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bradyzq last won the day on October 12 2018

bradyzq had the most liked content!

About bradyzq

  • Birthday 11/18/1968

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    Montreal, Quebec, Canada
  • Interests
    Dyno tuning (it's what I do), standalone ECUs, Webers, Datsuns, old Audis, pretty much any cool car

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  1. @AydinZ71, with the VVT on the intake cam working, the torque band should be stupid wide. I'm curious to see a dyno plot comparo with VVT tuning, and without, but I guess that is a ways off...
  2. It sounds to me as if you expect the dyno to be hard on the driveline. It shouldn't be. There will be no shock loading or wind-up. The only part that might complain, because it's stuck in the middle so to speak, is the clutch. If there are currently no hints of imminent driveline failure, I agree with NewZed on treating the ujoints to fresh grease. Also applies to the transmission and diff. I like Redline MT90 for the transmission, and Redline 75W90 GL5 oil for the diff.
  3. How much of this stuff do you actually have already? If the answer is almost none, then good. Because there are more efficient ways than what you describe to make serious power with an L28 ET. As a start, twinscroll single turbo instead of twins, decent newer ECU controlling 6 injectors of the needed size, front mount intercooler.
  4. I like @Leon's theory that points at the PCV valve as the potential source of the oil. The problem seems to start directly downstream from its entry point in the intake. And you mentioned that there's oil in the intake runners. It would take a LOT of intake reversion to push oil out to the intake if hte source was the valve seals. An easy test is to block the pcv hole in the intake, and run a hose from the pcv up under a windshield wiper. Not that there should be much blowby, but you'll see whatever there is instantly that way.
  5. With a degree wheel, per the cam card specs?
  6. Nope, no ad clicked. I can navigate only for a couple of seconds. Then the subscription window pops up and I can't close it. Running Windows 10 using Chrome.
  7. @BHJ Automotive, access to your site requires a subscription! That's really annoying.
  8. Randalla, Your peak torque and peak hp rpm are very low for you cam. Lower than stock! Is your cam timing where it should be?
  9. When removing added components like amps, phones, alarms, remote starters, etc, etc, it's better to remove the wiring at its source, not just remove the component. That way you discover the sometimes "creative" ways the PO installed it right away, and you can return the wiring to stock. It sometimes takes a bit of wire tracing time, but it's worth it.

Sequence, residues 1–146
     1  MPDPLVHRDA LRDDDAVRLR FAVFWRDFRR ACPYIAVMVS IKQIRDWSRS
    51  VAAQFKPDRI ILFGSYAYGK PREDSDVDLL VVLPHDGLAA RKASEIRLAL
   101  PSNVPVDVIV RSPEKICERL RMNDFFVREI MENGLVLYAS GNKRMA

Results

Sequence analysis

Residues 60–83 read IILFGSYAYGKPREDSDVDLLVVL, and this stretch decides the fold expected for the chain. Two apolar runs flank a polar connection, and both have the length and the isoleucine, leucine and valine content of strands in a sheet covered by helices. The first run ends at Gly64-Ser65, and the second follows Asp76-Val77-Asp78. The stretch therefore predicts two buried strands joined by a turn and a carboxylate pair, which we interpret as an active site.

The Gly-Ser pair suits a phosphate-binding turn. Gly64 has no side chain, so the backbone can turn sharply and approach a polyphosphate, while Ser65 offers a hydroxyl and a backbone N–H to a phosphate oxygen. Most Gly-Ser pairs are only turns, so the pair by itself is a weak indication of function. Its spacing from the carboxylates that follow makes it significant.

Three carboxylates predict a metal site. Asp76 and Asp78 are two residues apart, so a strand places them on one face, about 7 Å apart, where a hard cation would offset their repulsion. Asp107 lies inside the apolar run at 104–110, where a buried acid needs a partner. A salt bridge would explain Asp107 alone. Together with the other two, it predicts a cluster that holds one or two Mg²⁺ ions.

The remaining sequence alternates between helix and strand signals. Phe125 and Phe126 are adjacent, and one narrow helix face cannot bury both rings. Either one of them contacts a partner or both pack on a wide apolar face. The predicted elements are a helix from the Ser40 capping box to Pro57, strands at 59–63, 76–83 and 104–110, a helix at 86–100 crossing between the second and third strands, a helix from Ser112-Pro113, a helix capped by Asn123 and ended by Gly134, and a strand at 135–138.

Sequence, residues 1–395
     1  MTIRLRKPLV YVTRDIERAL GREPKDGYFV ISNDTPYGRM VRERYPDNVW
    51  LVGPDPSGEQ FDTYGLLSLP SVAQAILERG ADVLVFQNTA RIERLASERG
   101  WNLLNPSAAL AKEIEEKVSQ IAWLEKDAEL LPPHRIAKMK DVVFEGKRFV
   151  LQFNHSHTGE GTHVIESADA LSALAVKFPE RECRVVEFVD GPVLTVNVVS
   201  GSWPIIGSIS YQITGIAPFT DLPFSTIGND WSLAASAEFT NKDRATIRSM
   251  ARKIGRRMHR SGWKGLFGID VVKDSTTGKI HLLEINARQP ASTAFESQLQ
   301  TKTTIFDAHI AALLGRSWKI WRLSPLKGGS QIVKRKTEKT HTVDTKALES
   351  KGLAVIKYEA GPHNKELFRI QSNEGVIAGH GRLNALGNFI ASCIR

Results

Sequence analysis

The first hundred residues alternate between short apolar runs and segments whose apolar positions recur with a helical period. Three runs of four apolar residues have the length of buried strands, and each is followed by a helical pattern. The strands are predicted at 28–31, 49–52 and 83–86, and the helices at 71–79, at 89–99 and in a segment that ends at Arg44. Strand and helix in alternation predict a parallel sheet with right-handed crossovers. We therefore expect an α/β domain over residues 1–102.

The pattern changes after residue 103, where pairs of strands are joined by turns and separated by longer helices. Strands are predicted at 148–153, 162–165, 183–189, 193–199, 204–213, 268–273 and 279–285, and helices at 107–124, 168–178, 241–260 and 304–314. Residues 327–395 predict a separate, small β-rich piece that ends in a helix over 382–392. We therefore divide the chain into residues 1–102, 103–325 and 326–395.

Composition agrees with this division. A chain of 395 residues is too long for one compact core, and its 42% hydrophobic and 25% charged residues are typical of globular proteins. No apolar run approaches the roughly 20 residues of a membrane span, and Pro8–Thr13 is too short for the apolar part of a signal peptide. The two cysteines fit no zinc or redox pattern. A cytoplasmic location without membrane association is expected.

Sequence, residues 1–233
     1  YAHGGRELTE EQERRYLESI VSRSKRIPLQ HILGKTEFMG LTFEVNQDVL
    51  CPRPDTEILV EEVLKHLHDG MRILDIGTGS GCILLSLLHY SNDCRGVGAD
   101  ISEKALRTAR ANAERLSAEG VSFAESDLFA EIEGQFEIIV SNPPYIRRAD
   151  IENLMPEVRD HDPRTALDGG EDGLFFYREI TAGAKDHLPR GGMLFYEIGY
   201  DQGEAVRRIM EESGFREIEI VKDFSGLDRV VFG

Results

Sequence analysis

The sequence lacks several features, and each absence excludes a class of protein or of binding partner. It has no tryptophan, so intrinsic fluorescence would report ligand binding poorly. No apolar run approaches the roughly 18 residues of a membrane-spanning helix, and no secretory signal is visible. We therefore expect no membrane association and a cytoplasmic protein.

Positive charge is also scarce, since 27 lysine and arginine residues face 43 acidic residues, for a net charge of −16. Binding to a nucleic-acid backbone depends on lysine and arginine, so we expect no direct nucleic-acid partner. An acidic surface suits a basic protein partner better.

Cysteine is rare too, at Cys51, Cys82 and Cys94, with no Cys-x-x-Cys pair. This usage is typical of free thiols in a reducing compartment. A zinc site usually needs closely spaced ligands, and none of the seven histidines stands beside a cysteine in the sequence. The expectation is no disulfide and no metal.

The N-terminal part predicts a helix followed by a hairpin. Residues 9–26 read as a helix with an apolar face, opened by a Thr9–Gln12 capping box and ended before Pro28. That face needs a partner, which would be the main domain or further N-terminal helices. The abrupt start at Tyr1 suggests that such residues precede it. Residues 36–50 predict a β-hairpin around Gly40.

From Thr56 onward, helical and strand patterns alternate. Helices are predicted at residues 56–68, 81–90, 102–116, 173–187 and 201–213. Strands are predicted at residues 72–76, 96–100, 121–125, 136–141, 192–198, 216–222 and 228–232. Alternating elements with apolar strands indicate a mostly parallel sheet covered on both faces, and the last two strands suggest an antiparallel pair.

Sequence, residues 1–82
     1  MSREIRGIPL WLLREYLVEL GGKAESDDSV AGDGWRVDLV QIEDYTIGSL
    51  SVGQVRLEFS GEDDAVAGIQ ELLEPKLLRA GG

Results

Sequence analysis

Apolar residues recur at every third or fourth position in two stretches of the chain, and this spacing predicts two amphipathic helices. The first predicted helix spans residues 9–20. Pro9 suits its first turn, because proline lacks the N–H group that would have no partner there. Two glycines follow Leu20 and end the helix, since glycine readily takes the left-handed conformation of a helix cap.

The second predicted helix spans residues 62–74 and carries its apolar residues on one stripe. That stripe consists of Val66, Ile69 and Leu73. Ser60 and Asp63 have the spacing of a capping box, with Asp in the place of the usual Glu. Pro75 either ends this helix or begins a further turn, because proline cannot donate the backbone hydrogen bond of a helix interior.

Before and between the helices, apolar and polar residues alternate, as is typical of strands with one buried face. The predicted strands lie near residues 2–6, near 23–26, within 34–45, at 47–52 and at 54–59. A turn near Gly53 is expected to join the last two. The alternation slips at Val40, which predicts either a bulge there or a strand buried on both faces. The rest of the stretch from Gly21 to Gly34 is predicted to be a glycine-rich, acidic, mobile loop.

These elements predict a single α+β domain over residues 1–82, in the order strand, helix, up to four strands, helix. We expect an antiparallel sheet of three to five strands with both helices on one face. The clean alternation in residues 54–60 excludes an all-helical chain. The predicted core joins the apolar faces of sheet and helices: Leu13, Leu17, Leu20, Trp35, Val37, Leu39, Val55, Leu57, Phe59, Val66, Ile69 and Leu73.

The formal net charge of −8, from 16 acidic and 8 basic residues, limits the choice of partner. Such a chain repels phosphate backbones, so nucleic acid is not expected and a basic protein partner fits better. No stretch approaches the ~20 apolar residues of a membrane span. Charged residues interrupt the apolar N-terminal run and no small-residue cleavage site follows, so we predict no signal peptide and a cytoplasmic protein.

10. Also, if there's room, swap the injectors and crank sensor wires.
  11. Couple of things to consider regarding injector clocking: Do your injectors spray at an angle, or straight? It at an angle, you'll have to aim them so they don't spray onto a port wall. And the connectors will point where they point. No choice. Will you be able to plug and unplug the injector connectors with them facing down? It's not a good idea to be turning them around and stressing the O-rings whenever you need to unplug an injector.
  12. If you're going to split the wiring into 2 looms, I suggest keeping the low current sensors away from the potentially noisy high current actuators.
  13. You can just fill the timing table with 20 for off boost shakedown purposes. Did you turn the engine to TDC1(piston position, not just crank pulley mark) and physically count the teeth between the missing teeth and the crank sensor? That will get you very close.. Mark the crank pulley or side of a trigger wheel tooth if the timing mark on the pulley doesn't line up with the pointer. If the car starts with that setting, set the timing to fixed at 0 degrees. Now make your fine adjustments.
  14. You can always throw the old turbo back on and run it at 23psi and see what it does. You know, in case you want to spend more time and money on this in the name of science...
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